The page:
Upon detection of that a distance measuring operation is performed, the controller 109 produces the phase modulated control signal A. The driving circuit 107a which is arranged to drive the first iRED 101 receives the control signal A while the driving circuit 107b which is arranged to drive the second iRED 102 receives the control signal A after the phase of the signal is inverted by the inverter 106. In other words, when either the signal A or the phase inverted signal A is at a high level, the other is at a low level. Upon receipt of the signal A at a high level, the transistor 13 of the driving circuit 107a or 107b turns on to allow a collector current to flow. As a result, a current flows to the first iRED 101 or the second iRED 102 to light up the iRED. Since the driving circuits 107a and 107b receive the control signal at opposite phases, the first and second iREDs 101 and 102 never simultaneously light up but alternately light up as shown in FIG. 6.

With the transistor 13 turned on, the flow of the collector current which is an iRED driving current causes a voltage drop at the resistor 15 which is connected to the emitter of the transistor 13. In the case of this embodiment, the transistor 14 turns on when a voltage obtained at the resistor 15 comes to exceed the base-emitter voltage VBE of the transistor 14. With the transistor 14 thus turned on, negative feedback takes place in such a way as to lessen the base current of the transistor 13. Therefore, with the resistance value of the resistor 15 assumed to be R15, the emitter current IE of the transistor 13 can be expressed as follows:

IE =VBE/R15

The emitter current IE is thus arranged to be a constant current irrespective of the voltage of the battery 108.

If the current amplifying rate "hfe" of the transistor 14 is sufficiently large, the iRED driving current IiRED is approximately equal to the emitter current IE. Therefore, the iRED is driven with a constant current irrespective of the battery voltage.

FIGS. 7 and 8A-8C show another embodiment of the invention, which uses three iREDs as light projecting means. In this case, the iRED driving timing is in relation to the iRED driving current as shown in FIGS. 8A-8C. Referring to FIGS. 8A-8C, second and third iREDS 102 and 103 are off, or extinct, when the first iRED 101 is on, or alight. The second and third iREDs 102 and 103 are on when the first iRED 101 is off. Therefore, the current variations take place only to a degree corresponding to one iRED despite of the arrangement for driving three iREDs. This lessens the power supply voltage variations.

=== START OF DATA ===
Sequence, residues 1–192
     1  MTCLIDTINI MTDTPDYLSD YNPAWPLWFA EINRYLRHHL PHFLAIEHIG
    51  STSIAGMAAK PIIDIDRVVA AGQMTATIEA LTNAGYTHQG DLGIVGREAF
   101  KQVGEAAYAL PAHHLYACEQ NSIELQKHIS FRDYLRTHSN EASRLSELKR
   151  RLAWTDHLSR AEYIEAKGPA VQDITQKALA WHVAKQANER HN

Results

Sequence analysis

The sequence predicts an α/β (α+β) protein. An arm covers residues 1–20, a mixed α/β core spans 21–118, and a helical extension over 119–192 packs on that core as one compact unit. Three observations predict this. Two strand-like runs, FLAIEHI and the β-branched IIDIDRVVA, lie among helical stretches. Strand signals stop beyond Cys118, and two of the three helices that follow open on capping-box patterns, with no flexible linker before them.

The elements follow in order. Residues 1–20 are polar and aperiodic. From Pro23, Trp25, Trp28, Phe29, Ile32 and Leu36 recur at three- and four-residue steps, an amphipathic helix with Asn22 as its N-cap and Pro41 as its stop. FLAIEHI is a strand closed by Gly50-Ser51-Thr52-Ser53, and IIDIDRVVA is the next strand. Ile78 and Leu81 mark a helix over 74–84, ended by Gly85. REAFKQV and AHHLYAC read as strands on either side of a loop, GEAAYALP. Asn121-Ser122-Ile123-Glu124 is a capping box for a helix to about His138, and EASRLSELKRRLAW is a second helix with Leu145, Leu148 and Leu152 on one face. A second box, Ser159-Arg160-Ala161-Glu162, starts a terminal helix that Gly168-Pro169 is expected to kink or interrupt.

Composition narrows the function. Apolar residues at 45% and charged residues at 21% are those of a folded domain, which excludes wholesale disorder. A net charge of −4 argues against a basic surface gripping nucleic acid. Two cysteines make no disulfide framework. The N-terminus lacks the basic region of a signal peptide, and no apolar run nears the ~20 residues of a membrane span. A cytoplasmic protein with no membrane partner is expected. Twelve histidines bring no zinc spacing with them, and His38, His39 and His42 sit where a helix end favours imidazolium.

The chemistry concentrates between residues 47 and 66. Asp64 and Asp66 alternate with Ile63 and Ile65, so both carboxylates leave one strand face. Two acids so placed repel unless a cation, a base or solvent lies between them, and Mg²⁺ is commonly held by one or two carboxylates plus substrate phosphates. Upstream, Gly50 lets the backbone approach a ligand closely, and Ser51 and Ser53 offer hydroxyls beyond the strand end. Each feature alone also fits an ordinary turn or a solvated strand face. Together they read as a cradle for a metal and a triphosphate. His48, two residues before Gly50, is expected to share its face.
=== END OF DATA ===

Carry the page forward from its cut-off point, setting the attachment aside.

FIG. 7 is a circuit diagram showing a circuit arrangement required for attaining the advantageous effect of FIGS. 8A-8C. In FIG. 7, the same parts as those of FIG. 5 are indicated by the same reference numerals and symbols. A reference numeral 107c denotes a driving circuit for driving the third iRED 103. The driving circuit 107c is arranged in the same manner as the driving circuits 107a and 107b.

FIGS. 9 and 10A-10D show a further embodiment of the invention. The embodiment uses four iREDs as the light projecting means. Referring to FIGS. 10A-10D, first and second iREDs 101 and 102 are arranged to light up at the same timing. Third and fourth iREDs 103 and 104 are arranged to light up when the first and second iREDs 101 and 102 are extinct. Therefore, the current supplied from the battery is always constant. The power supply voltage never changes. However, since two iREDs are allowed to simultaneously light up, the embodiment of course necessitates the use of a battery capable of simultaneously lighting up two iREDs.

FIG. 9 is a circuit diagram showing a circuit arrangement required for attaining the advantageous effect of FIGS. 10A-10D. In FIG. 9, the same parts as those of FIG. 5 are indicated by the same reference numerals and symbols. A reference numeral 107d denotes a driving circuit which is arranged to drive the fourth iRED 104. The driving circuit 107d is arranged in the same manner as the driving circuits 107a, 107b and 107c.